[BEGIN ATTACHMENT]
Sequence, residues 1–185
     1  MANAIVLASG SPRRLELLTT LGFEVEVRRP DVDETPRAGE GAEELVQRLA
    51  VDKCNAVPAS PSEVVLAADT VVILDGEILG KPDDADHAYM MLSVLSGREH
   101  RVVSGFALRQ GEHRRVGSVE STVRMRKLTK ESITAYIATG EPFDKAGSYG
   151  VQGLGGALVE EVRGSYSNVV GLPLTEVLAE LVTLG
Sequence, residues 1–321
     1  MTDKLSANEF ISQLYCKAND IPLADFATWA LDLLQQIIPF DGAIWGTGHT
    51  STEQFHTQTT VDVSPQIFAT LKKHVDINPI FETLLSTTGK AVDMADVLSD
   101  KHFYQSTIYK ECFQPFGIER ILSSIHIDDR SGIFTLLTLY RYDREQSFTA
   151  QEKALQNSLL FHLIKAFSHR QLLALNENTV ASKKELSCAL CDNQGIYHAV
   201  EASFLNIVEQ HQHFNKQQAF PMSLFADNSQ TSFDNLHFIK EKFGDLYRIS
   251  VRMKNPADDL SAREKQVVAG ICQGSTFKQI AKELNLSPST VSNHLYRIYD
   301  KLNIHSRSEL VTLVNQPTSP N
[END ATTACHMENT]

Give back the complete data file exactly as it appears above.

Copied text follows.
Sequence, residues 1–185
     1  MANAIVLASG SPRRLELLTT LGFEVEVRRP DVDETPRAGE GAEELVQRLA
    51  VDKCNAVPAS PSEVVLAADT VVILDGEILG KPDDADHAYM MLSVLSGREH
   101  RVVSGFALRQ GEHRRVGSVE STVRMRKLTK ESITAYIATG EPFDKAGSYG
   151  VQGLGGALVE EVRGSYSNVV GLPLTEVLAE LVTLG
Sequence, residues 1–321
     1  MTDKLSANEF ISQLYCKAND IPLADFATWA LDLLQQIIPF DGAIWGTGHT
    51  STEQFHTQTT VDVSPQIFAT LKKHVDINPI FETLLSTTGK AVDMADVLSD
   101  KHFYQSTIYK ECFQPFGIER ILSSIHIDDR SGIFTLLTLY RYDREQSFTA
   151  QEKALQNSLL FHLIKAFSHR QLLALNENTV ASKKELSCAL CDNQGIYHAV
   201  EASFLNIVEQ HQHFNKQQAF PMSLFADNSQ TSFDNLHFIK EKFGDLYRIS
   251  VRMKNPADDL SAREKQVVAG ICQGSTFKQI AKELNLSPST VSNHLYRIYD
   301  KLNIHSRSEL VTLVNQPTSP N